Kernel 2 for this #DigPINS series has focused on the N in the acronym – Networking. I have been pretty engaged in many different networks on Twitter through my personal account, but I have tried to use this Kernel to build up the networks for my ProfRegKim Twitter handle. In a practical sense, building up a new digital identity hasn’t been all that difficult since I’m basically using the same skill set from my other digIDs. But, the background conversation for this Kernel on our slack has helped to extract some reasons why I tend to feel comfortable in digital spaces (aside from my general extroverted personality).

What got me started was actually a blog post from one of my colleagues, Sarah Titus. In her post, she linked to a video from John Green who was presented as ” vlogbrother‘s John Green.” BUT. . . true fanboys would know him from his impact on young adult readers. And because I’m not a fanboy, but a fan of soccer, I know him as the owner of AFC Wimbledon via his frequent appearances on the Men In Blazers show.

What caught my attention wasn’t what was happening in the video from vlogbrothers (aside from the crooked soccer scarves in the back) but that I was encountering Green in a different digital identity. I knew that he was the #GOAT YA author but I don’t primarily read him that way because he has a Twitter handle from which he talks about sports and I follow him on my personal Twitter. As he notes on the bio for that account, “I’m a novelist and videoblogger who comes here to livetweet the football.” So, while I know these other digital John_Greens are out there, I only know him through one primary network of American soccer fans.

And while I can’t speak for him, I wonder how he might view our conversations on the #DigPINS Slack for Kernel 2. People there have been using the term “authentic” as a measure or a guide for our digital interactions. Which of the digital identities noted above would he consider as the authentic John Green? Is this an issue that troubles him or has the delineation of these Twitter handles along content resolved the issue for him?

As for myself, I tend not think/use authenticity as a measure of digital identity. I think that is partly because I’ve faced frustration and failure in trying to evaluate if I’m presenting IRL an authentic self when my initial sense of self comes within the dynamics of a Korean speaking household but that self somehow needs to be presented to an ethnic and/or language community that does not understand that experience. I feel that for much of my life, I’ve had to live in a translated sense of self so it’s difficult to pin down what is “authentic” because that self is constantly shifting in light of my contexts.

I recognize that as a person of color, my experiences in thinking through authentic identity are constellated around a different set of experiences from my colleagues who may have the privilege of not having to constantly negotiate identity. Thus, I think that the activity of discerning what to leverage can be a complicated extraction when we sometimes can’t leverage our own embodied authenticities (like how I am read racially or gender-wise by my audience) with autonomy in the way that a personality trait (such as sense of humor) can be negotiated. And, I note this again to affirm that the possibility of multiple authentic selves can become powerful for those who may not be able to fully leverage all aspects of their identity freely.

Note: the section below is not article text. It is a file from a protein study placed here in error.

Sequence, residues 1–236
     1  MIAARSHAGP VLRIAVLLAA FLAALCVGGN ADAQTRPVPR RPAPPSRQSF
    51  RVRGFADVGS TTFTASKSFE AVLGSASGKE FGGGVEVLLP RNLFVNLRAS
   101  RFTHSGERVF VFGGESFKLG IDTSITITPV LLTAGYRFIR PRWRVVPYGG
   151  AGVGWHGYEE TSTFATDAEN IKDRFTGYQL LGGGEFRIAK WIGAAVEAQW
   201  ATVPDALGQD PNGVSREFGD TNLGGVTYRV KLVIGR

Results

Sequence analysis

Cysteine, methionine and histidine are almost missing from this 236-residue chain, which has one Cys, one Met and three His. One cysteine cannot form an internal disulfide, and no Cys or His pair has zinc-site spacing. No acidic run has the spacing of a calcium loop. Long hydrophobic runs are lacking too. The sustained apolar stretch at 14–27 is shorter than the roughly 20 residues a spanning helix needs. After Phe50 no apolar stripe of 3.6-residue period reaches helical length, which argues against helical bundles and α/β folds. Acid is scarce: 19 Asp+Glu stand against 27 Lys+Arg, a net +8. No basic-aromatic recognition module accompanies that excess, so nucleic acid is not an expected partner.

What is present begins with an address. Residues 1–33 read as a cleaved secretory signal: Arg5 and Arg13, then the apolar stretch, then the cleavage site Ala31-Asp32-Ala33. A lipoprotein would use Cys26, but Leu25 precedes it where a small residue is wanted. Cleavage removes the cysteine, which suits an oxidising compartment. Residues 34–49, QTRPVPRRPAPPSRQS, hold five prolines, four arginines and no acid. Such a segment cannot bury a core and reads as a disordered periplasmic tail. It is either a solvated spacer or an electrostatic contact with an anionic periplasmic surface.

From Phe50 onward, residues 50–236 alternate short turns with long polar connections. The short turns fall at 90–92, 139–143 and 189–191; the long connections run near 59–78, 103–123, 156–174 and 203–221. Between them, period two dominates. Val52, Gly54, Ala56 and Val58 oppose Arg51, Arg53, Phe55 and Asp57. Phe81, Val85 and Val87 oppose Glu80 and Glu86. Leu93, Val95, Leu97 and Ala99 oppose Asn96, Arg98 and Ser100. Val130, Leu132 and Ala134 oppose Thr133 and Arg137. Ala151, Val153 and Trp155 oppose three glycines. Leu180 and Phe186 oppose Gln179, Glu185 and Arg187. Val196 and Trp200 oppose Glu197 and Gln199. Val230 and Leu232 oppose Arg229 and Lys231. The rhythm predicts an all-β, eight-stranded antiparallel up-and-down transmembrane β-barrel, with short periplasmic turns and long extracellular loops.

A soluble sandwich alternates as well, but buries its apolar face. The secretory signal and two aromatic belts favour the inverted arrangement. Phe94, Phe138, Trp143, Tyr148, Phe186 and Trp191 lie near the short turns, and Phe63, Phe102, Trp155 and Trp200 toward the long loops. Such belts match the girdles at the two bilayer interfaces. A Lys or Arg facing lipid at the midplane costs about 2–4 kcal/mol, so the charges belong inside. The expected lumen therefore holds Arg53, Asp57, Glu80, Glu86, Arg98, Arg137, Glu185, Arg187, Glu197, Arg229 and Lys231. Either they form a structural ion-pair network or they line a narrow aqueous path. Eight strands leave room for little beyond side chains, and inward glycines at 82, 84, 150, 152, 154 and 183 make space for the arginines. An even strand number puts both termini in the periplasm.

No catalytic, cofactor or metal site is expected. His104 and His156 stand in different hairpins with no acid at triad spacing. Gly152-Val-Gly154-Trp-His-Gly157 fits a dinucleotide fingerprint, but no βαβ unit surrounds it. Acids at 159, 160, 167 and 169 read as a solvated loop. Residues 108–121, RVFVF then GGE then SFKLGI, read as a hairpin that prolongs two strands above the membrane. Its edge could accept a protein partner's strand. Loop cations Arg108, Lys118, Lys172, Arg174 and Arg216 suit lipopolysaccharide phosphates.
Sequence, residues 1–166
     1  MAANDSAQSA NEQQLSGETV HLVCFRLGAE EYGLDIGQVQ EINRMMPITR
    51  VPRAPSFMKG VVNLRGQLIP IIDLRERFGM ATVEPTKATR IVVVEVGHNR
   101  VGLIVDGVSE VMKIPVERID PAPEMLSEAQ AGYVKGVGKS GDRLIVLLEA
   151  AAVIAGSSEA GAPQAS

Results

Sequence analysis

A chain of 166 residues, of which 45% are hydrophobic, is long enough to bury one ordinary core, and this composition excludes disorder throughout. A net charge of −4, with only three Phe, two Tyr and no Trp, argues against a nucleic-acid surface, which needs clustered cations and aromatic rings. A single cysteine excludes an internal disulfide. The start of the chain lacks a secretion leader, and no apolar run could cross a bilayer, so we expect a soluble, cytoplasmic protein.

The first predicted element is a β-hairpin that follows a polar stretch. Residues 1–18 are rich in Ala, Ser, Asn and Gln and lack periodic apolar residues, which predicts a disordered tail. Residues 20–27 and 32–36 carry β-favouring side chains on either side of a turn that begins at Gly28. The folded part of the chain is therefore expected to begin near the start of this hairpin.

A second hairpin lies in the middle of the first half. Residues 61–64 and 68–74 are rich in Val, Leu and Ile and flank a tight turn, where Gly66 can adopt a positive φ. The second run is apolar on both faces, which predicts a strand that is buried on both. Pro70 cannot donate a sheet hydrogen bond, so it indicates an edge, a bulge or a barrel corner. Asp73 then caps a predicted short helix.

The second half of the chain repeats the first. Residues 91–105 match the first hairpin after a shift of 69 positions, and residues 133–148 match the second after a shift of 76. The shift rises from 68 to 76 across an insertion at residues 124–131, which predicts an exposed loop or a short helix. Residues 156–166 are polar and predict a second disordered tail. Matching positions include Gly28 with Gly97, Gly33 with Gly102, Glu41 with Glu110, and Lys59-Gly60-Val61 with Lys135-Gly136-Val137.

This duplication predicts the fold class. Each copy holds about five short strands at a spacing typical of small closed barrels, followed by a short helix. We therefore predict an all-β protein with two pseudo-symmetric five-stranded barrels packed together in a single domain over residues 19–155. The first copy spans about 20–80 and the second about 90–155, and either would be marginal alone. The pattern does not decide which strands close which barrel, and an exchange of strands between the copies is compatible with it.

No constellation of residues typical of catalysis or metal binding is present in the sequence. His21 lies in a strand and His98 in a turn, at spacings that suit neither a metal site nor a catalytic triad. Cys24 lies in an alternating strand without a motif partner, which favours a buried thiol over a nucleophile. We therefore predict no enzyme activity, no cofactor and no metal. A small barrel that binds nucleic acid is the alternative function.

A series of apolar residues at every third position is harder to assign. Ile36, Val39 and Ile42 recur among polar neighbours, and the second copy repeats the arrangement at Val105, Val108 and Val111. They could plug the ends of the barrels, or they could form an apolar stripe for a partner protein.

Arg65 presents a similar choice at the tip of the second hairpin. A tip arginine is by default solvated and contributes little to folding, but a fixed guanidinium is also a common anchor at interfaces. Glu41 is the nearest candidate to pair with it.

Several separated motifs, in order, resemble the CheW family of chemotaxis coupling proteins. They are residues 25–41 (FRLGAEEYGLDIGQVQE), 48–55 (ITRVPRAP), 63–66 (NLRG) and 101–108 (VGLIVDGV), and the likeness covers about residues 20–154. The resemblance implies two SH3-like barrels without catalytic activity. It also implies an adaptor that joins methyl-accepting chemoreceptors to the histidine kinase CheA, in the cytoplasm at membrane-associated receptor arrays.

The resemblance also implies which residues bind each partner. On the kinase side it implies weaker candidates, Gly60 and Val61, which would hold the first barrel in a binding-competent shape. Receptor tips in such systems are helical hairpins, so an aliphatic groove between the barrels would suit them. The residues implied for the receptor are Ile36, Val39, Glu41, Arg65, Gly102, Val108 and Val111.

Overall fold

Which is what brings my thoughts back to the big N of this #DigPINS Kernel 2. The digital identity that I wish to portray is one that is contextualized by the networks within which I engage precisely because my digital identities are multiple. And, the pathways of our networking through a particular identity determine how we are viewed. Our networks create our digital identity and how ProfRegKim connects with others on Twitter will be very different from my personal account because of the conversations of the networks with which he engages.

TTY’allS

3 Thoughts to “John Green or John Green?”

  1. Sarah Titus

    First reaction: Oooh ‘true fanboys,’ eh? Burn to the librarian. Now that you mention it I don’t remember which John Green I knew first, the novelist or the vlogger?

    Real thoughts:

    I love your metaphor of translation. I have not had your experience in having to translate oneself both in language and in identity. But I find that I do translate a lot of myself depending on my audience. As you say, humor, gender and life experiences often get translated and re-translated depending on the listener.

  2. Reg Kim

    My bad. “fanboy” was totally self-referential but I can see how it could be taken to be a challenge to your librarian street cred when I’m saying that you presented him as a vlogger in your blog post. My apologies for flaming you in that way.

    I think it’s really interesting how we all know a different John Green and our networks have framed him to us. The vlogging about information literacy and tweeting about soccer are such distinct threads. But, then he’s also vlogging with those soccer scarves in the background, so these digIDs bleed into one another too.

    1. Sarah Titus

      Nah, you’re good! It is super fascinating to look at John Green and his brother. They’ve used the internet to make crazy connections–speaking of networking. The network of nerdfighteria is forever growing. Hank Green is writing a book now which is wonderful! He’s done so much to create learning and networking spaces online (CrashCourse) and in person (VidCon!) so they’re forever innovating. Definitely both very inspirational people.

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